How Crossbow Education Is Funded
The Federal Aid in Wildlife Restoration Act, popularly known as the Pittman–Robertson Act, was approved by Congress in 1937. The act provides funding for the selection, restoration, and improvement of wildlife habitat and for wildlife management research. Funds for the act come from the excise taxes the U.S. government charges on sporting arms, ammunition, handguns, crossbows, and archery equipment. These fees collected from the firearm, archery, and crossbow manufacturers then are distributed to the states (similar practices exist in Canada and Mexico).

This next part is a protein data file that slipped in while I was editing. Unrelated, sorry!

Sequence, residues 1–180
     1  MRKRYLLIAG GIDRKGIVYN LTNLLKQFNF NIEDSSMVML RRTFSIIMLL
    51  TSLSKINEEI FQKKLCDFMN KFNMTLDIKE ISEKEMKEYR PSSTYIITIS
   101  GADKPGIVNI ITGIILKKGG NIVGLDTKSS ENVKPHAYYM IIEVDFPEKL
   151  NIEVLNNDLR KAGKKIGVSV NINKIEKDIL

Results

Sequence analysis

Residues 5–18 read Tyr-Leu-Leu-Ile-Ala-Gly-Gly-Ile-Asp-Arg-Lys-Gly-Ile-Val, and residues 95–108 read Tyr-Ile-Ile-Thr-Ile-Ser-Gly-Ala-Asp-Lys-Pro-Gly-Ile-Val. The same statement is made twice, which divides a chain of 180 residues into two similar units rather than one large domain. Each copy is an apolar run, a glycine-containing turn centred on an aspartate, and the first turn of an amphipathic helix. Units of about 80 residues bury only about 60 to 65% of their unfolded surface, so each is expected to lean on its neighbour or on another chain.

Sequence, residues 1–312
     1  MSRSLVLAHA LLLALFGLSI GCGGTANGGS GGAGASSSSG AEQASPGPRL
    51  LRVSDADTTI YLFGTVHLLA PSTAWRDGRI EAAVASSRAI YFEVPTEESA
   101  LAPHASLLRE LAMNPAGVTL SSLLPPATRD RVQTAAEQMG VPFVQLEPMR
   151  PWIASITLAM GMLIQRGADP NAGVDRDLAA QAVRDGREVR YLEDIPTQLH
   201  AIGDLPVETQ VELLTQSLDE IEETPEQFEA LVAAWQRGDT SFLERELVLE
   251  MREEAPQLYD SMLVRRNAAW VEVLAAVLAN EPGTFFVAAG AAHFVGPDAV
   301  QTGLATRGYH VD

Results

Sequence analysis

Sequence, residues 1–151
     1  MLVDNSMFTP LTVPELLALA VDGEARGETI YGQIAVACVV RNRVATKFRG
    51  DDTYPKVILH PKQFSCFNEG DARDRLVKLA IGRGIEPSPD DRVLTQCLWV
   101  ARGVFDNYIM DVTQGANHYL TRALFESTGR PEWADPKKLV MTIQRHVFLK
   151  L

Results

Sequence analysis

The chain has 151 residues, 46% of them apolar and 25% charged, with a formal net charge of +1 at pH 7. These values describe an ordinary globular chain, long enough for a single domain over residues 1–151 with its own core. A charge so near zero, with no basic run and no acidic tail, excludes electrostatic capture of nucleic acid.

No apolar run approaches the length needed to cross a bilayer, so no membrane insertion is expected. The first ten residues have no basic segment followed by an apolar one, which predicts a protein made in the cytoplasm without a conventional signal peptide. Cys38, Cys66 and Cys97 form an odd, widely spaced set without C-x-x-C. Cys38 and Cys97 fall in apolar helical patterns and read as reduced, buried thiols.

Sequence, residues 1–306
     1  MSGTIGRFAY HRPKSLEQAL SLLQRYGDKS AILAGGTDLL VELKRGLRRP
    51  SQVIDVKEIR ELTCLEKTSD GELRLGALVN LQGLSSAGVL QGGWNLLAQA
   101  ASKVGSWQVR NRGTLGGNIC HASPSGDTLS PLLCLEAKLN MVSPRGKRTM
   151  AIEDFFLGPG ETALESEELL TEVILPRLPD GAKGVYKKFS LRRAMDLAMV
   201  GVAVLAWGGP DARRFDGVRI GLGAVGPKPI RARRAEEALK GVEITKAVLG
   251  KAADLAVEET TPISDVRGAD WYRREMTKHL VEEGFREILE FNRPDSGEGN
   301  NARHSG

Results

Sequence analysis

State and Provincial/Territorial Funds
States and provinces also collect their own fees through such sources as hunting license sales, conservation stamps, fines, and arrests.
Money also comes from corporations and private donations. Many times this is utilized to fund special training aids or to help specific education programs.
And, of course, some funds come directly from students who attend education classes.